Nadia Suguitan

SUNY Poly student Nadia Suguitan

Many students often begin their college career unsure of what they want to specialize in over the course of their academic career – but not Nadia Suguitan.

Nadia, a Nanoscale Engineering and Applied Mathematics major at SUNY Poly’s College of Nanoscale Science and Engineering (CNSE), knew exactly what her interests were and the type of work she wanted to be a part of, making CNSE a perfect match for her.

“The individuality of each student is emphasized at SUNY Poly’s College of Nanoscale Science and Engineering because everyone provides a unique perspective regardless of who they are,” Nadia says. “Having a degree in nanoscale engineering provides an opportunity to address new societal and biomedical challenges in new ways”.

For her, CNSE offers one of a kind, exciting prospects – providing groundbreaking technology, driving entrepreneurial business, and benefitting mankind with its research.

“The College of Nanoscale Science and Engineering is moving forward at a very fast pace and I get to be part of that race,” she says. “Not only do we have access to world-class equipment, but we also get the opportunity to work with world-class researchers and people from the 300 global corporate partners SUNY Poly’s CNSE has.”

In addition to working with world-renowned researchers, Nadia says students like herself are given ample opportunity to sit down with those researchers and talk with them about prospective careers.

“The CNSE faculty is very welcoming to undergraduate students,” Nadia says. “Leading-edge researchers are both our mentors and our professors and I find it very important to take advantage of the opportunities provided for us at CNSE, as it is vital to our personal, academic, and professional growth.”

One of the deciding factors for Nadia when choosing CNSE, aside from its unique partnerships with global industry and research, was the personalized class sizes during freshmen year, which she says truly test one’s learning abilities and educational prowess. Additionally, she notes the student body has a driven focus on pioneering and leadership.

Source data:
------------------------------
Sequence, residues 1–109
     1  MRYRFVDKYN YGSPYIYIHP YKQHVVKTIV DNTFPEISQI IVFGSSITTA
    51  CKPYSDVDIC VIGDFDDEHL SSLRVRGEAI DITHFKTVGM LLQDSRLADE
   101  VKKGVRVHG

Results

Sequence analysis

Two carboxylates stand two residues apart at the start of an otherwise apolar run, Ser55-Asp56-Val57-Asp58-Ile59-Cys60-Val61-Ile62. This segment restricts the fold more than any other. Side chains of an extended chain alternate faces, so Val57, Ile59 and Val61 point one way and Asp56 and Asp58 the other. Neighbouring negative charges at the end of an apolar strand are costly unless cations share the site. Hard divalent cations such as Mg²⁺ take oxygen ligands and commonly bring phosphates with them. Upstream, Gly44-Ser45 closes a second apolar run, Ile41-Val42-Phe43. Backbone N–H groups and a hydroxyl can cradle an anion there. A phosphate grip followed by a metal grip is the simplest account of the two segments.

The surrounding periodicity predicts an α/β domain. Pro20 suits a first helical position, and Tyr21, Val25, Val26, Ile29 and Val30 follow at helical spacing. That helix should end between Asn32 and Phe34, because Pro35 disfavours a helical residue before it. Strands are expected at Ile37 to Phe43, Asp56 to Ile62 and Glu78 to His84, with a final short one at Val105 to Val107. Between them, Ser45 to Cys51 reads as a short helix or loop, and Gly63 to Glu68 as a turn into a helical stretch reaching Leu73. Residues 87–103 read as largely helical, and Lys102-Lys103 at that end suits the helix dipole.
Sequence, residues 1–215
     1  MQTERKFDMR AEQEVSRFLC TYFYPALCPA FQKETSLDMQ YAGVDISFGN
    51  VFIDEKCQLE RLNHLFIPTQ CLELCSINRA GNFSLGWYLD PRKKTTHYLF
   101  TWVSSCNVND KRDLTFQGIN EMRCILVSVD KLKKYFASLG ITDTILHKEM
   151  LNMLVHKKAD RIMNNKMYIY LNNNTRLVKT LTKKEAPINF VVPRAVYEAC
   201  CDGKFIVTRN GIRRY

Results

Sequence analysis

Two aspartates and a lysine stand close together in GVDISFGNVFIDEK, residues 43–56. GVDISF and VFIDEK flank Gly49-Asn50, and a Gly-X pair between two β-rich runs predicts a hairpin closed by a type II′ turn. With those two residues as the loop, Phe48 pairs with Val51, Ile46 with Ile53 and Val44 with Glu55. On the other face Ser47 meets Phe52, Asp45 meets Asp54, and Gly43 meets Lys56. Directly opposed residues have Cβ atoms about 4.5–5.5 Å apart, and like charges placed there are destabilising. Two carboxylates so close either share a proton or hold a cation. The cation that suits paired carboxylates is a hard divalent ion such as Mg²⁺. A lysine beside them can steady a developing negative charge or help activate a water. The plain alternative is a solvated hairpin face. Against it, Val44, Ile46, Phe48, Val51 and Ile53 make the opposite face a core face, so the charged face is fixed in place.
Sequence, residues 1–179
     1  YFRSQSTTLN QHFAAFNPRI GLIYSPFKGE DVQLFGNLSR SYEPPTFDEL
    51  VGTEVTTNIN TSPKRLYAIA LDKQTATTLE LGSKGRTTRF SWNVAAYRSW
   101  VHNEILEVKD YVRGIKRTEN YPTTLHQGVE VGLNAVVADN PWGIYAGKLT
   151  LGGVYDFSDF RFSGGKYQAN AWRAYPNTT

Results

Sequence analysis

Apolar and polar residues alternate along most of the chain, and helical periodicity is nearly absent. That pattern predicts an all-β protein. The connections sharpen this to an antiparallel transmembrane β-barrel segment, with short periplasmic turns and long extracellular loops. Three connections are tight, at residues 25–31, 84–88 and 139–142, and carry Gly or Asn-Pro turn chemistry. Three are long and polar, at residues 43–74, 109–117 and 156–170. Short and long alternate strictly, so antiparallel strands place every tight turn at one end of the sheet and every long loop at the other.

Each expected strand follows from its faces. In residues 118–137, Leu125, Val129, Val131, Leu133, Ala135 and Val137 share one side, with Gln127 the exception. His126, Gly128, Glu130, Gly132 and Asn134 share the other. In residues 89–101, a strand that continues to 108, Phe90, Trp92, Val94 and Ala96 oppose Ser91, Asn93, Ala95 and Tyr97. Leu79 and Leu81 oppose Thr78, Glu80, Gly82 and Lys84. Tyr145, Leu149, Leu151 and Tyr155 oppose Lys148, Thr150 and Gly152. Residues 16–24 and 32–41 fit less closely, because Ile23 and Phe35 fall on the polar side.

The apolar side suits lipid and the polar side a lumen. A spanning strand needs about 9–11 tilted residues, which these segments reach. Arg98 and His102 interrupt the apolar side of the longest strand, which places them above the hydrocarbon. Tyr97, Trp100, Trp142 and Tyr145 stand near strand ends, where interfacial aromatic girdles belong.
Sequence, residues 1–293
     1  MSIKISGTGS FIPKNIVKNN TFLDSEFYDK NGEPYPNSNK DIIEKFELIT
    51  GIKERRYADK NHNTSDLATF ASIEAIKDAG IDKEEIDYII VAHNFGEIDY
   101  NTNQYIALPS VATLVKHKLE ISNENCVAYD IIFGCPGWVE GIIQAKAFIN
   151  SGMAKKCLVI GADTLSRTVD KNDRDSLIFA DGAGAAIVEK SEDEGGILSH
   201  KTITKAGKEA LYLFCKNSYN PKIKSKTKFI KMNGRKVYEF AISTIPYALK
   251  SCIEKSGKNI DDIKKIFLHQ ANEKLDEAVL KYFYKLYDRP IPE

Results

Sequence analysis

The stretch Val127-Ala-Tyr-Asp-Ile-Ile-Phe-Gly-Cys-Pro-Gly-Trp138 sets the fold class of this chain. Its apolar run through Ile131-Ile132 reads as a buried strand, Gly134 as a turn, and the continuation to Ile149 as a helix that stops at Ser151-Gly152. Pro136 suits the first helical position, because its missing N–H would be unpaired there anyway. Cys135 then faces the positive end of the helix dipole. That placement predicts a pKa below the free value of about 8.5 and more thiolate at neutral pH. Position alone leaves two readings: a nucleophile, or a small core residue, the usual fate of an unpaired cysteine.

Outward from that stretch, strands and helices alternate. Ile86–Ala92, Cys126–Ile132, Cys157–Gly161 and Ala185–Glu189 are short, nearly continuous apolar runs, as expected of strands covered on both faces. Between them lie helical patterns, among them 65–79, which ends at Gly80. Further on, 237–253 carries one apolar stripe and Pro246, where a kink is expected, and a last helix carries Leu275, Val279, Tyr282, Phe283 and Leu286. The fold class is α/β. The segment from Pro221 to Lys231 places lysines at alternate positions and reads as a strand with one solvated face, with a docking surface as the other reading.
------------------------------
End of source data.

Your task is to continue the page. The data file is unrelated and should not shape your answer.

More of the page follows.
“Students have the ability to help shape the field and the university,” she says. “Whether it is starting a club, joining the student government, being a researcher, or organizing student events, there are so many ways to have a positive effect on the university, form new friendships, and make change happen.”

During the course of the summer, Nadia was part of a lab run by Dr. Janet Paluh which specialized in nanobioscience research – combining industry efficiency and reproducibility with the adaptability of biological systems.

Nadia says she understands the importance of this research, with its potential to be a platform for modern manufacturing processes, its medical applications in biosensors, and its benefits to other types of research. The time spent working with Dr. Paluh has also allowed Nadia the chance to reflect on her own research goals.

“I am particularly interested in the combination of technological and biological systems, specifically for applications with diagnostic abilities. My aspirations are to use the knowledge that I gain through my research experience to design and develop optical and biological technologies, some of which will be used by medical professionals, while others will be used by everyday people,” she says. “Starting up my own tech company and making the business a success is what I am working toward ultimately, but right now, I am enjoying the adventure of navigating the uncharted waters that are nanotechnology”.


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